The art is in the eating, you take a little nibble out of the side and then suck out the wondrous juices that have been cooking up inside.  Once you have almost emptied it you can dip it into your soy and chilli mix to finish off in bitefuls.

We also discovered a  wonderful eggy and onion breakfast pancake we think is called Jian Bing.  Layers of egg and onions are stuffed inside a fried crust and make a wonderful start to an energetic sightseeing day and will cost you no more than a couple of Yuan.

Getting Around Town

It is relatively easy to get around, but not quite as easy as Tokyo or Korea, transfers on subway lines seem to take forever with connecting lines quite a distance –  through a series of very long tunnels.  Its also pretty hot down there with no breeze or air conditioning.  I presume they have switched it off for Autumn, but you can’t complain when you consider that no journey ever costs us more than 4 Yuan (60 US cents)

We rode the Maglev into the city.  I know we could have got the metro directly here, but as a part time trainspotter this had to be done.  The promise of magnetically levitating and travelling at speed of 300 Kmph (301 to be precise) was not to be missed and it was another one of those things crossed off my travel wish list.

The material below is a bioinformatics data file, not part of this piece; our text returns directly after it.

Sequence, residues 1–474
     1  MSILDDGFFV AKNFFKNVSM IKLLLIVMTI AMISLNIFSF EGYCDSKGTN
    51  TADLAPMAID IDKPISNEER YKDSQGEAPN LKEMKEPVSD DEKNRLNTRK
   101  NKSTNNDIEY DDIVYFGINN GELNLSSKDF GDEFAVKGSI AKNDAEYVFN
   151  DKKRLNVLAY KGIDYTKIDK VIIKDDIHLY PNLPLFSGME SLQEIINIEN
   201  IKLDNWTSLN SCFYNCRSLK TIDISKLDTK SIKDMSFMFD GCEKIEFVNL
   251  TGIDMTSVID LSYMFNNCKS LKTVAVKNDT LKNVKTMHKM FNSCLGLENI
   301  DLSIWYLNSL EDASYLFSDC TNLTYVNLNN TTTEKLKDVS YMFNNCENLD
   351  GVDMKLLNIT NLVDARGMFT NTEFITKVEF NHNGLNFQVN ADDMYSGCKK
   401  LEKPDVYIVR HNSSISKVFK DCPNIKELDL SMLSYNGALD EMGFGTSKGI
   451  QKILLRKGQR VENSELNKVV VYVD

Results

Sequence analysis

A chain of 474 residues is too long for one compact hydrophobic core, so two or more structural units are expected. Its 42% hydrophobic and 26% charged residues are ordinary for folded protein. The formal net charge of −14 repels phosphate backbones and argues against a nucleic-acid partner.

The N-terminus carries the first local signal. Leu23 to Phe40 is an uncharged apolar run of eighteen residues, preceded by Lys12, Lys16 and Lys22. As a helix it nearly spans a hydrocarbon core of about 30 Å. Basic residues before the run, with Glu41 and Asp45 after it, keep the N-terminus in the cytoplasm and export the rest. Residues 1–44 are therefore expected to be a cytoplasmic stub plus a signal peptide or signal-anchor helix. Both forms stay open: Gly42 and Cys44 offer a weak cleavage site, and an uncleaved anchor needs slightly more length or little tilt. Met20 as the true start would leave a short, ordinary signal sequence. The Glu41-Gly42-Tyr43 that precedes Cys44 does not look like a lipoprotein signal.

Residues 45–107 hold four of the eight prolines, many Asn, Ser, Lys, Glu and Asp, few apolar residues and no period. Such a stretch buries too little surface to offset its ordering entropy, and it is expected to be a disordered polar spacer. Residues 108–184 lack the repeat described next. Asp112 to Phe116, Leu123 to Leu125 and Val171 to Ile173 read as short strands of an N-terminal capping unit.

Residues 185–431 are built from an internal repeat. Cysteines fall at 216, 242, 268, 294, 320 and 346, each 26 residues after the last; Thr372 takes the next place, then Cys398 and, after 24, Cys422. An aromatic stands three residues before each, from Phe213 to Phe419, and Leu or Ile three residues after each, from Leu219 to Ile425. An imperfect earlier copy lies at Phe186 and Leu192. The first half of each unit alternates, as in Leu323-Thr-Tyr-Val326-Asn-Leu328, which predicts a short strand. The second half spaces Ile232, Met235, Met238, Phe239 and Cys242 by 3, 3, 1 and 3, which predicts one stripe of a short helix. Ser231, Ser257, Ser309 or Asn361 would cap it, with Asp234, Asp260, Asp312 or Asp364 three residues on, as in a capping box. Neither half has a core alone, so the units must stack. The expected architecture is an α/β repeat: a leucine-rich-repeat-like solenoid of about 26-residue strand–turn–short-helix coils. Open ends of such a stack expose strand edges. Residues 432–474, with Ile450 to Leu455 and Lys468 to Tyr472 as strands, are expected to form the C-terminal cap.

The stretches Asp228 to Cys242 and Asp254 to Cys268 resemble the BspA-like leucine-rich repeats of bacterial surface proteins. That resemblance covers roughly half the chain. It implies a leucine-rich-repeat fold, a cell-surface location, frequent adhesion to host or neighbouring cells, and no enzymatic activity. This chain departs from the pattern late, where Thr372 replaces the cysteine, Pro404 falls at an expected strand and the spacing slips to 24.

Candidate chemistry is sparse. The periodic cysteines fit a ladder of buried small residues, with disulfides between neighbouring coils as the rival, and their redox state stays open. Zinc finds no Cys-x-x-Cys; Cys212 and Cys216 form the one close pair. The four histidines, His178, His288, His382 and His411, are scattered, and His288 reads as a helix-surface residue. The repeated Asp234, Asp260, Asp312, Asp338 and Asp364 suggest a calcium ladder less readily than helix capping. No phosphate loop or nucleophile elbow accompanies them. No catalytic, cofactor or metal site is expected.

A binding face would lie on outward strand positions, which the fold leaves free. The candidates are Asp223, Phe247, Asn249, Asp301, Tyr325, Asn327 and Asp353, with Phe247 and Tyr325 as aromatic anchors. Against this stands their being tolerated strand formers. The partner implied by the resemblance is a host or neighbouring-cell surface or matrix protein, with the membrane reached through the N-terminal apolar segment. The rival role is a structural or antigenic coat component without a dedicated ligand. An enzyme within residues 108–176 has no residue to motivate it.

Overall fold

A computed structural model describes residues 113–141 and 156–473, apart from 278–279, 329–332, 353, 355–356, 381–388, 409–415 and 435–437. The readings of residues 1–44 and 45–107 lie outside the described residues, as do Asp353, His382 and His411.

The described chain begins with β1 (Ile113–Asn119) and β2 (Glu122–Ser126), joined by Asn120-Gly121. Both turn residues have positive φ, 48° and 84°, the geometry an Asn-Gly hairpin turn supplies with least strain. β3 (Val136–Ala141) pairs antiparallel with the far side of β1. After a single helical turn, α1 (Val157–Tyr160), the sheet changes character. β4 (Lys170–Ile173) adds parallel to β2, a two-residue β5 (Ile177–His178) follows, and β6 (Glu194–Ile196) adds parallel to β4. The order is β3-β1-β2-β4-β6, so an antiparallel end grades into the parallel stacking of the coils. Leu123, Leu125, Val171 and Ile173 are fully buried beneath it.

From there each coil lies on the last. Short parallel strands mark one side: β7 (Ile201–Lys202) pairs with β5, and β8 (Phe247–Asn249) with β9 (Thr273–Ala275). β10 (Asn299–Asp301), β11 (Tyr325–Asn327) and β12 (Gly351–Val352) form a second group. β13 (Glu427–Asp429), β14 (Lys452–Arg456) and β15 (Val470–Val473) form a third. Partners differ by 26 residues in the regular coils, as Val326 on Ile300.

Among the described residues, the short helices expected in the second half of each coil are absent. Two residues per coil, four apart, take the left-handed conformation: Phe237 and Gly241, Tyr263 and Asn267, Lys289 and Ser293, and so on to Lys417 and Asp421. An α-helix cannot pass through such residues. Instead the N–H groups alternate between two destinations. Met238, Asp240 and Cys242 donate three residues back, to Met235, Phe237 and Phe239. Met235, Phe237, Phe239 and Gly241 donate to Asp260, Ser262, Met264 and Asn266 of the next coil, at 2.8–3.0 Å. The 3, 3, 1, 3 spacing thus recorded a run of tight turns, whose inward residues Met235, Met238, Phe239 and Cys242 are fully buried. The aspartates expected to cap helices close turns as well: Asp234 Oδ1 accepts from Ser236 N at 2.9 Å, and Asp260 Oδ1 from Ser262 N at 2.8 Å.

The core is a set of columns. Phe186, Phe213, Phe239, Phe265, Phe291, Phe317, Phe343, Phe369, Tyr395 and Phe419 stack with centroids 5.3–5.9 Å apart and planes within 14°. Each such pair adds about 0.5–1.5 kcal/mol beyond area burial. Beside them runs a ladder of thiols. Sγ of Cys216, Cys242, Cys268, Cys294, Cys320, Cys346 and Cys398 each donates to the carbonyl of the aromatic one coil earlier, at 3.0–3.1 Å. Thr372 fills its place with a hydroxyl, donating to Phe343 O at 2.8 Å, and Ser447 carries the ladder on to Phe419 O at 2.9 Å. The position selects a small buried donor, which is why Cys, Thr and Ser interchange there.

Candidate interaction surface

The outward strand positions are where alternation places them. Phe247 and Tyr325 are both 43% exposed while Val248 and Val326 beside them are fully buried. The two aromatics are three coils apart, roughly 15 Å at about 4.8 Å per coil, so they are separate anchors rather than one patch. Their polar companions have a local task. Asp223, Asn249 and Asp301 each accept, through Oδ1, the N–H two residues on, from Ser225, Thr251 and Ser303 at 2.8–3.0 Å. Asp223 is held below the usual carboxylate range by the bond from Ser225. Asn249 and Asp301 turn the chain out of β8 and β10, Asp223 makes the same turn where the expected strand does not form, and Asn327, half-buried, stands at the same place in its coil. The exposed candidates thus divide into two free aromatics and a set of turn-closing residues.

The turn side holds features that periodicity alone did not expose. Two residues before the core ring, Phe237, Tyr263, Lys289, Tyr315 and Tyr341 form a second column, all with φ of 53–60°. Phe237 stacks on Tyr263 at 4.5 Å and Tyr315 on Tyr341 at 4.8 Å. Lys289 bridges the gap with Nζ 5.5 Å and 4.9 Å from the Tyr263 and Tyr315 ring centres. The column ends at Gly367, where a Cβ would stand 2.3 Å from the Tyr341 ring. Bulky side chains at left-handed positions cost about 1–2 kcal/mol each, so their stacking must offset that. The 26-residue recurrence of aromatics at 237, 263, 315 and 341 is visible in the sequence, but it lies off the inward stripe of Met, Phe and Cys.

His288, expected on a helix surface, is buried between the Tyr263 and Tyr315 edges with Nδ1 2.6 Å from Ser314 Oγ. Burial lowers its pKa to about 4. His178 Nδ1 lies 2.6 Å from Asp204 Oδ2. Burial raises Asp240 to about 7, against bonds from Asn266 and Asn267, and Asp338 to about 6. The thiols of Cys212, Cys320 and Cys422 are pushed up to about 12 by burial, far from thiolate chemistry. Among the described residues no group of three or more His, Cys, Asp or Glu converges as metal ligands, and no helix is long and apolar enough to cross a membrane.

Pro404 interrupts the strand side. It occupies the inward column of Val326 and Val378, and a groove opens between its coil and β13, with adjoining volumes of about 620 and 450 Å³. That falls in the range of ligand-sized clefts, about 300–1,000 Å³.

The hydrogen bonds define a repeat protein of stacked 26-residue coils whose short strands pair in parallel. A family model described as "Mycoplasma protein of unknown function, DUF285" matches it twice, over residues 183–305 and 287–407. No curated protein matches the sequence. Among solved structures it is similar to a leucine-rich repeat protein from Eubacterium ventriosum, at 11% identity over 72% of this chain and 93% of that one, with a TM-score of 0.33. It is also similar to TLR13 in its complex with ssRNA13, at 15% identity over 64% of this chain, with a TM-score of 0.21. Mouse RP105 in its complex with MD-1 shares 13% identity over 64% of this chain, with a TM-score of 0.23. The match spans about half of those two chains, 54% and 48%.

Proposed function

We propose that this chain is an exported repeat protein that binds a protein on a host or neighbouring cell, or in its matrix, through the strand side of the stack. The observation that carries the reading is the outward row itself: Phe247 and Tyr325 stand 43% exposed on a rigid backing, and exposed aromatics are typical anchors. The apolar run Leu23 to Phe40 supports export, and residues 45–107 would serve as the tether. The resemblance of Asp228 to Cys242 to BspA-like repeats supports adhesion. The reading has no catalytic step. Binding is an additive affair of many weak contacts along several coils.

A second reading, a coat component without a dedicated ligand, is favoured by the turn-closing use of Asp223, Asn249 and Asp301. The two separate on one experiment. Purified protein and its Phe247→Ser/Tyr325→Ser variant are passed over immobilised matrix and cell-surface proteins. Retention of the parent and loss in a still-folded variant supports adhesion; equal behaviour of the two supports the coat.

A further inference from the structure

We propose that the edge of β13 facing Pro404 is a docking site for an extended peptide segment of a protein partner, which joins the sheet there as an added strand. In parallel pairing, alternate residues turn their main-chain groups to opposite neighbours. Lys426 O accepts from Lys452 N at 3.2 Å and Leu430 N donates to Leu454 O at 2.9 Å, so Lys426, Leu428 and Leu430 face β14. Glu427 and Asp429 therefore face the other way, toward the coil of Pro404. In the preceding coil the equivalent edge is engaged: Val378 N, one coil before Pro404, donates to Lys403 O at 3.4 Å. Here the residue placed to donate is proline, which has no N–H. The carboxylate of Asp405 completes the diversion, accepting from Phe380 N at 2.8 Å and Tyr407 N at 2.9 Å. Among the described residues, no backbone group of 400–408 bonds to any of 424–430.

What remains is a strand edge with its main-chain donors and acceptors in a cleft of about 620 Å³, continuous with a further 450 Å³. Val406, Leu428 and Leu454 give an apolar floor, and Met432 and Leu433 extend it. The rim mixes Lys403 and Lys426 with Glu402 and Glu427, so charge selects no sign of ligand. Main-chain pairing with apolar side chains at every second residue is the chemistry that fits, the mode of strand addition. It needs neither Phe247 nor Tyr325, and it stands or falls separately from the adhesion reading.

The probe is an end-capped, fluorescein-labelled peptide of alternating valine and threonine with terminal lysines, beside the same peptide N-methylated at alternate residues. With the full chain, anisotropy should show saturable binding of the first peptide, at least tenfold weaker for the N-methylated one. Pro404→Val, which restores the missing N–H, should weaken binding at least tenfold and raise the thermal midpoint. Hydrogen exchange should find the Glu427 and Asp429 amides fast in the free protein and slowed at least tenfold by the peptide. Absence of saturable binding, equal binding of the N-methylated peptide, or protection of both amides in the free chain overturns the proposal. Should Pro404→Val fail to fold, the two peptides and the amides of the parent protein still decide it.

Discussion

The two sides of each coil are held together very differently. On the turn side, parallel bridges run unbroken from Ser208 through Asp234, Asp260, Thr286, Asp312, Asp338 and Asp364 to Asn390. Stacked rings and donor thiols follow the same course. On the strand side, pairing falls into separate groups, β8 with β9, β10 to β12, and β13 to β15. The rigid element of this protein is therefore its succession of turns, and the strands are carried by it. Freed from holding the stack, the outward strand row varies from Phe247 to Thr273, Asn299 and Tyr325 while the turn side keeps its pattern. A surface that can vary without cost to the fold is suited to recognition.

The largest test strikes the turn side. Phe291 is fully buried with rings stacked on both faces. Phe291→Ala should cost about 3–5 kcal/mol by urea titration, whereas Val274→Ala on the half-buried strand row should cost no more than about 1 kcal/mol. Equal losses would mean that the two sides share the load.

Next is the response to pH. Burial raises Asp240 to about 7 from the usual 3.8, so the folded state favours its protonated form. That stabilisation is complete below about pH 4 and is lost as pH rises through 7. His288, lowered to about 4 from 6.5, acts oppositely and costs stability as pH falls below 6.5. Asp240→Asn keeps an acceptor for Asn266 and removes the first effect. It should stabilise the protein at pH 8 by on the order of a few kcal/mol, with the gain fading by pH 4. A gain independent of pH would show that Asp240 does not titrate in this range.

The Shanghai People

One of our stereotyped preconceived expectations was that people here would be a bit rude and a little offhand.  These were the reports we had from some people who had travelled here, but so far we have not really had any of that.  It is true to say that Chinese have their own style of customer service but we have had laughter from most people we have interacted with and everybody has been very helpful, despite the language barriers.  The Chinese are particularly pleased to hear a hello and thank you in Chinese, and seem to be put at ease when you make an effort to engage this way.

Business is business here and most know how to turn a tourist dollar.  The Bund has been developed beautifully for the Asian tourist market.  There are theme rides under the river in the form of a multicoloured  tunnel ride and a plethora of boats that ply up and down the waterfront offering all manner of different cruise options.

Shanghai Tourist Office

Don’t go into the tourist office expecting too much help, the leaflet racks were bereft of leaflets and after handing over the map the staff considered their job complete.  They did speak pretty good English and John would not give up with the questions until he was satisfied they had earned that hour’s pay.

Shanghai Annoyances

If you sit down to have a fag, or stop to consult your map in any of the main tourist areas you will get some unwanted attention in Shanghai.  This comes in a number of forms.

The Tea Scam